The headline: “Tornado narrowly misses downtown Dallas after day of floods”. The Dallas Morning News story went on to report that “a tornado sliced through the center of Dallas on Wednesday, galloping southwest to northeast, its passage marked by a rolling plume of dust and the explosive flash of exploding electrical transformers.”

“It left a trail of battered industrial buildings, broken, gushing water pipes and toppled signs as it rambled from Cockrell Hill to Oak Cliff , West Dallas and the Love Field area before lifting into the sky again,” the reporter wrote.

Now to the Legislature and the State’s Rainy Day Fund: Ever since Republicans took control of the Texas House, Democrats and their fellow party members staffing newspaper editorial boards, have labeled budget cuts, even simple reductions in the amount of growth in spending, as draconian. They’ve said the GOP is balancing the state budget on the backs of the poor.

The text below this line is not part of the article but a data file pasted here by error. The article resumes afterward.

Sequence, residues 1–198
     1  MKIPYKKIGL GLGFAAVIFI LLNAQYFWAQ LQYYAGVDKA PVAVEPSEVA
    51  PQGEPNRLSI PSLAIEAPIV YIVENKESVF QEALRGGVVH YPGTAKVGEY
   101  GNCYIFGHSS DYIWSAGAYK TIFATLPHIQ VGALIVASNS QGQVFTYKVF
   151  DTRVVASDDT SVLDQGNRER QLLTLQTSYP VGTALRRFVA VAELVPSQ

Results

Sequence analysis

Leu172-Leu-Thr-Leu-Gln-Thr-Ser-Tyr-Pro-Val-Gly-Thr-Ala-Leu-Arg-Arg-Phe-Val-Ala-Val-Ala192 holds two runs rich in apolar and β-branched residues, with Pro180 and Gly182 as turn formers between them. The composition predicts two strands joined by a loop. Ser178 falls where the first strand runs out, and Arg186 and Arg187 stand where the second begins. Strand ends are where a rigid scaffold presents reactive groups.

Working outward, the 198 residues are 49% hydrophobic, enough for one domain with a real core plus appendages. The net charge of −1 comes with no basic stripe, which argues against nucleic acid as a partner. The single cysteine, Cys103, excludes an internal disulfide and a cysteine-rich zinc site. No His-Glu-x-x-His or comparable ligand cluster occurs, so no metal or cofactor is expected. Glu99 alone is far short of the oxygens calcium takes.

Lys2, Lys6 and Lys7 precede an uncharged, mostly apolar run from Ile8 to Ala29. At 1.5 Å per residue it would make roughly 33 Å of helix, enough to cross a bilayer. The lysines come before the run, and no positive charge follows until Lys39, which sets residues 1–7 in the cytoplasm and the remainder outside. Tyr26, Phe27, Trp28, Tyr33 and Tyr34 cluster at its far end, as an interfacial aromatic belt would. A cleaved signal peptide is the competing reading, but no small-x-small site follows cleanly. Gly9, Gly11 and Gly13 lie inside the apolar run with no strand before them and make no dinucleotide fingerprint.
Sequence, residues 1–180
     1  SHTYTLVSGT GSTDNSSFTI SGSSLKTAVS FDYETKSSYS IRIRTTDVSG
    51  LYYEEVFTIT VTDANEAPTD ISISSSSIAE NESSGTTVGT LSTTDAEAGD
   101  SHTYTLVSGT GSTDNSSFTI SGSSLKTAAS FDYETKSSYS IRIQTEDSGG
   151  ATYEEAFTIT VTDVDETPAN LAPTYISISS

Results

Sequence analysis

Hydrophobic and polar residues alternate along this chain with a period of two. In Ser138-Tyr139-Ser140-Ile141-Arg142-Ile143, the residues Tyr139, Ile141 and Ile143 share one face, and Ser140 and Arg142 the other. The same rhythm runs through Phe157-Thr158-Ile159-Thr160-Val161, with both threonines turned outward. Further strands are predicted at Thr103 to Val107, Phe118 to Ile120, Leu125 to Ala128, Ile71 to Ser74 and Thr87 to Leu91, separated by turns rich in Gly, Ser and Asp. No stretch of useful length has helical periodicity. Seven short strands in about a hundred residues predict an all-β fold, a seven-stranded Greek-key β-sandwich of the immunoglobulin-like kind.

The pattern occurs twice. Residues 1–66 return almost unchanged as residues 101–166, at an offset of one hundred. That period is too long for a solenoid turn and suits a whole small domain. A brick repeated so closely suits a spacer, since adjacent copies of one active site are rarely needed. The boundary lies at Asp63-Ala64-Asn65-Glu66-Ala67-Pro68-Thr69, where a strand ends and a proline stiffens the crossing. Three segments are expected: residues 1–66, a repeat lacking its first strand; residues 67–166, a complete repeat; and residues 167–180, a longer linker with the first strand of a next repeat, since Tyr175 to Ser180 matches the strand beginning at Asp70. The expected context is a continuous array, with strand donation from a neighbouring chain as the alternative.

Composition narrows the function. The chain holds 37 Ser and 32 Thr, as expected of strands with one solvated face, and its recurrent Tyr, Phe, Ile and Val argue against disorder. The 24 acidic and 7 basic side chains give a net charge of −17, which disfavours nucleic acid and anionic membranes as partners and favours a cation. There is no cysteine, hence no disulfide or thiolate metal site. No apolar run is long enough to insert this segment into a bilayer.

All last Session big government Democrats bemoaned the fact that Conservative Republicans worked to not spend all of the money in the Rainy Day Fund. To the spenders, any shortage of revenue needed to fund their social welfare projects is a crisis, a rainy day if you will. Even with the upcoming budget shortfall and economic calamity we find ourselves in, Legislators should keep a significant balance in the Fund.

The Rainy Day Fund should be treated more as an emergency, last option, account. It should be there so that Texas can handle catastrophes out of our control such as multiple hurricane hits, or a tornado hitting downtown Dallas. When times are tough is when you need your backup emergency fund more than ever, and times are tough.

Texas should never be put at the mercy of the uncaring and incompetent Federal Government when such can be avoided. Yes, use some of the Rainy Day Fund for the budget but, keep a sizeable balance to handle real stormy days.

Robert Pratt is host of the top-rated Pratt on Texas radio program which can be heard at

Pratt on Texas

Robert Pratt has been active in Texas Republican politics since the Reagan re-elect in 1984. He has served as Lubbock County Republican chairman, and in 2006 founded the Pratt on Texas radio network, providing the news and commentary of Texas on both radio and podcast. Learn more at